The only thing I am confident about in the numbers of ships is that in the first fleet there were 'lots' of ships, and in the second there were more, perhaps many times more. We don't know anything about the type or size of ship, the abilities of the sailors, their propulsion or anything.

The first fleet by Umari's own account was wrecked except for one that made it back to Mali
"Their absence extended over a long period, and, at last, only one boat returned. On our questioning, the captain said: 'Prince, we have navigated for a long time, until we saw in the midst of the ocean as if a big river was flowing violently. My boat was the last one; others were ahead of me. As soon as any of them reached this place, it drowned in the whirlpool and never came out. I sailed backwards to escape this current.'"
the second fleet was never heard of. It would be logical to assume that it too was wrecked.

The only contact situation that I'd consider plausable would be if the majority of the second fleet was wrecked, and only a handful of survivors made it to the Americas. That group would have completely integrated into the native population, and no evidence would remain. In much the same way that Dutch sailors were wrecked on the coast of western Australia.

Nevertheless there is something to be said about the fact that they tried it. Both in terms of pre-contact legends, and in terms of the wealth and ability of medieval Mali.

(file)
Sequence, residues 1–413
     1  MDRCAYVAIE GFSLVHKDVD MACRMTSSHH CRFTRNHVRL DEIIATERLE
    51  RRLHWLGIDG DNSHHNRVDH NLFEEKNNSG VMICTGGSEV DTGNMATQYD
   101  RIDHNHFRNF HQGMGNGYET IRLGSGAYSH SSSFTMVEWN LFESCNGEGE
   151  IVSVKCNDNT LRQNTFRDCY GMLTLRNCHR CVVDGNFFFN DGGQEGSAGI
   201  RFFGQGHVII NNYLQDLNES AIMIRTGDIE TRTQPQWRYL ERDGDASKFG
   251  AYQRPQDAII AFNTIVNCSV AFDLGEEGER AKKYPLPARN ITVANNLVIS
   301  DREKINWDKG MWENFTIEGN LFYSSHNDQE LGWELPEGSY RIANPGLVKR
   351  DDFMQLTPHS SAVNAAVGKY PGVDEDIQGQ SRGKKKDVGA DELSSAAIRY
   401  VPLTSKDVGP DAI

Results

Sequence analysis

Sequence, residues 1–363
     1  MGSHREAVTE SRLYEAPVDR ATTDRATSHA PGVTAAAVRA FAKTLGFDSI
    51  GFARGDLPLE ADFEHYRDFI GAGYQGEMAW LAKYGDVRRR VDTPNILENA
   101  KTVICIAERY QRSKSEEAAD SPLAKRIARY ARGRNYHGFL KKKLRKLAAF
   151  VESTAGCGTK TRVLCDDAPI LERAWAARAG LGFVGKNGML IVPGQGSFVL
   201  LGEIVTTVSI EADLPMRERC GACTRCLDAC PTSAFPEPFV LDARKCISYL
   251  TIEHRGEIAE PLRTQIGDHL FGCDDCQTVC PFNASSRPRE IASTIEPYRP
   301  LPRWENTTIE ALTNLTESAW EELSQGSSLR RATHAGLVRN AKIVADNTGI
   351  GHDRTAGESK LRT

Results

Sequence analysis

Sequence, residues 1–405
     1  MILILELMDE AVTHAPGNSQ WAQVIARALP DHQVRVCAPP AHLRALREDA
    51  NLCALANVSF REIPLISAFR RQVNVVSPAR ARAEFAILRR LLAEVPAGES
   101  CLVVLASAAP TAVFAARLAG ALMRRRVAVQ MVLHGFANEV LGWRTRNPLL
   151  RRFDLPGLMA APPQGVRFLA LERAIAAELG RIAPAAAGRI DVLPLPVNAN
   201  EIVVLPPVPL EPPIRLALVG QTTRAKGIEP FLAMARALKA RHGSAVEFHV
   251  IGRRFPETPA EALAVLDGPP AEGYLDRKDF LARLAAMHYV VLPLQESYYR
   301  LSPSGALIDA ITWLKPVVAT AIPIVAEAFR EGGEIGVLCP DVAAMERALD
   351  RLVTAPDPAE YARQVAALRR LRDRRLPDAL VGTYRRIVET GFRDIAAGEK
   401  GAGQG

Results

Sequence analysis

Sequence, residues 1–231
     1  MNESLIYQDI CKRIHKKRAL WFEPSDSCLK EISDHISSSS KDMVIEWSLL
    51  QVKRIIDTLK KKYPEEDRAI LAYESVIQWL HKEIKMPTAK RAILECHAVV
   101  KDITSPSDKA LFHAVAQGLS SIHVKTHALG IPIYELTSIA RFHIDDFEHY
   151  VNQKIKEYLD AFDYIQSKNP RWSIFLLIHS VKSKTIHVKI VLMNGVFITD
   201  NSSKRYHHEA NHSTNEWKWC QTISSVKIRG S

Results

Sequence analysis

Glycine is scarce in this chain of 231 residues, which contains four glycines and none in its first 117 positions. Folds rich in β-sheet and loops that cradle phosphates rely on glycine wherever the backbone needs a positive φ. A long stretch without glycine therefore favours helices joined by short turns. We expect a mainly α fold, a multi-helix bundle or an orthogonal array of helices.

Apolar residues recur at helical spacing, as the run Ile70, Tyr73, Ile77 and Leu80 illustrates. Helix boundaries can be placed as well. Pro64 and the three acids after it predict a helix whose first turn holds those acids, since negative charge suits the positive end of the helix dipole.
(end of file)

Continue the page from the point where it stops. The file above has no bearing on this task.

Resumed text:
Originally posted by pinguin

I just will say there is no evidence whatsoever of muslims reaching the Americas, neither from Iberia or Mali.

Of course there is . Its just all post-colombian
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Post Options Post Options   Quote Reginmund Quote  Post ReplyReply Direct Link To This Post Posted: 26-Jan-2009 at 09:45
Originally posted by Omar al Hashim

Of course there is . Its just all post-colombian


Quite, which is why the discussion was moot to begin with. A more interesting, non-speculative take on Abubakari II's expedition would be to look at what can actually be learned from the sources, rather than what cannot.
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Post Options Post Options   Quote gcle2003 Quote  Post ReplyReply Direct Link To This Post Posted: 26-Jan-2009 at 13:22
There's absolutely no reason to suppose that any such expedition would demonstrate that the organisers knew - or even suspected - there was an undiscovered continent "on the other side".
 
Assuming Malian knowledge was roughly on a par with everyone else's at the time, it would have been known the earth was round and it would have been known that by sailing west you could reach the east (i.e. what we still call the Far East). Why would anyone think there was something in between?
 
However, the most likely source for legends that there were lands worth looking for in the Atlantic would simply be the existence of actual islands like the Canaries, the Azores and Cap Verde.
 
And 2,000 ships is ridiculous. That's double the size of the Royal Navy at its peak.
 
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Post Options Post Options   Quote pinguin Quote  Post ReplyReply Direct Link To This Post Posted: 26-Jan-2009 at 13:42

There are quite a bit of sources about the theoretical expeditions of muslims across the Atlantic. Most of them started from Muslim Spain since the 8th century AD. Perhaps a good start to take a look at that literature, for seeing it in the RIGHT context is the following:


http://www.saudiaramcoworld.com/issue/199203/pillars.of.hercules.sea.of.darkness.htm